Don't disengage your controller.
The purpose of a controller is not only to steer your system to the desired setpoint according to a predetermined dynamical response but also to counteract potential external factors that may impede this task. Think of a disturbance that will drive the system far from the setpoint once it has been reached. Thus, the ...
Look in CommandCallback, where you set "stop = True". That sets a local variable, not the global variable you intended. Declare the variable to be global by preceding the assignment with the declaration "global stop".
This contrasts with reading a global variable, which just works without declaring it (notably, in PathScanning). It might ...
With consideration cheap, strong enough, not ugly and easy to shape, then my recommendation is you can use clipboard. I have seen people win international robotic competition with robot made using clipboard. So this idea worth to try.
Figure 1. Clipboard
There can be a few explanations for this:
Does your motor controller (ESC) have an on-off switch? If so, try flipping that
Some ESCs need to "arm". Try going to full throttle and back and see if that makes a difference
I'm assuming you have your battery plugged in ;-)
Try reversing the direction in the myconfig.py file
These battery charging messages are normal when the battery is charging.
What happens when you take the robot off the charger? Have you tried putting the robot into safe mode (b'\x80\x83') before sending commands? Have you tried either of the scripts on the iRobot STEM github repo?
Please note that I'm an iRobot employee but the postings on this site are my ...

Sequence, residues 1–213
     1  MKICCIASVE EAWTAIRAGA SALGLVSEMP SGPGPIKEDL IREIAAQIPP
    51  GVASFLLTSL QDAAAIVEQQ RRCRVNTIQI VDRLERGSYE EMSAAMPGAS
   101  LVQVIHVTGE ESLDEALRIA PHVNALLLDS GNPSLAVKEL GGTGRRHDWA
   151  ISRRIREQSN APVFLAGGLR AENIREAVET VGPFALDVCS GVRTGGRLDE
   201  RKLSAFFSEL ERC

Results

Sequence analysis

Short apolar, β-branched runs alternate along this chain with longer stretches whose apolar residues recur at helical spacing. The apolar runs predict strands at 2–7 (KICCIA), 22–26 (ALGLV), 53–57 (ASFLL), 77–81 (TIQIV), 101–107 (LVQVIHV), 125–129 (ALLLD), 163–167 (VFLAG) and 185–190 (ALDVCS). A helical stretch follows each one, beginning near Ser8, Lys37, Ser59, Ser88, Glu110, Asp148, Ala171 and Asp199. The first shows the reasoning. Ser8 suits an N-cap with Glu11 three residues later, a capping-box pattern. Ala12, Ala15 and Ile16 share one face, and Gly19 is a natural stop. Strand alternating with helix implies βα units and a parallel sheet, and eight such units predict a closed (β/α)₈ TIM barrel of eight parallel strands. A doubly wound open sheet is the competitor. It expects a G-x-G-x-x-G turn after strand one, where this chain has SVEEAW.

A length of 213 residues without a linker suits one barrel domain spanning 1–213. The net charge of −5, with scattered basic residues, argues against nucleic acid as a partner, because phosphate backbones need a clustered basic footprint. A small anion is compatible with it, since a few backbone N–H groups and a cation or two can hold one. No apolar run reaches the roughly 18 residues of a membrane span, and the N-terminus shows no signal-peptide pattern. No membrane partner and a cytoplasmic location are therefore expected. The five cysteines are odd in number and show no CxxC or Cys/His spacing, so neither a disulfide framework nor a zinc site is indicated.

It would be much better to determine a fixed sample rate for your controller. A really rough rule of thumb is that whatever the settling time you need out of the loop once it is operating in the linear regime, your sampling interval should be between 10 times and 100 times less than the settling time. Put another way, the sample rate should be 10 to 100 ...
The Argon One case has a USB 3.0 M.2 adapter for the raspberry pi 4. So, you could use an SSD instead of an SD card, if that is where you're having issues.
The Lithium polymer and Lithium ion batteries are a staple for this sort of robotics rig. They produce voltage levels in multiples of 3.7-4.2v. You’ll need at least a 2-cell series (2S).
Since your control circuitry will require logic-level voltages, you’d use a Buck converter to take the battery output down to 5v for the Pi and Arduino. 1A and 3A modules ...
For arduino and raspberry, powerbank is enough to power them for several hours. But the only problem i ever face when using powerbank is they sometime auto turn off because how little arduino current draw.
For dc motor, use lipo or any equvalent battery. So you would have enough power to move your wheels and make your robot have better mobility.
0.5mm 1x2m^2 sheet metal @ your local hardware store ~ 2EUR
metal cutting pliers ~ 4EUR
being able to cut it, fold it, punch* it for ventilation - priceless
* use a nail and hammer/stone; rest on a disposable plank; punch from out to in; protect any PCBs, motors and especially wires inside from the jagged edges or neutralise those with a file or sillicone
Cardboard on top of a cheap robot chassis can be quite effective. See this version of Openbot that does not use a 3d printer: https://custom-build-robots.com/raspberry-pi-robot-cars/openbot-your-smartphone-controls-a-robot-car-introduction/13860?lang=en
I will typically use hobby-board plywood as a base and cardboard as a second layer. Get the hobby-board ...
If you want to build a robot with lots of moving parts, or just a dedicated, aluminum building medium, and dont have a tight budget, you can use Actobotics building parts, from servo city.com (https://www.servocity.com/actobotics/)
They are metal pieces with holes, so you can attach screws, other Actobotics pieces, servos, motors, and they even have mounts ...
Consider things like food storage containers, dishpans, and household storage bins. Some (HDPE?) ones are reasonably stiff yet compliant, and you can readily cut them. Beware the beautiful, crystal-clear ones that are hard and brittle.
If you're in the US, take a walk through your local Target or Walmart, and see whether some Rubbermaid or Tupperware shapes ...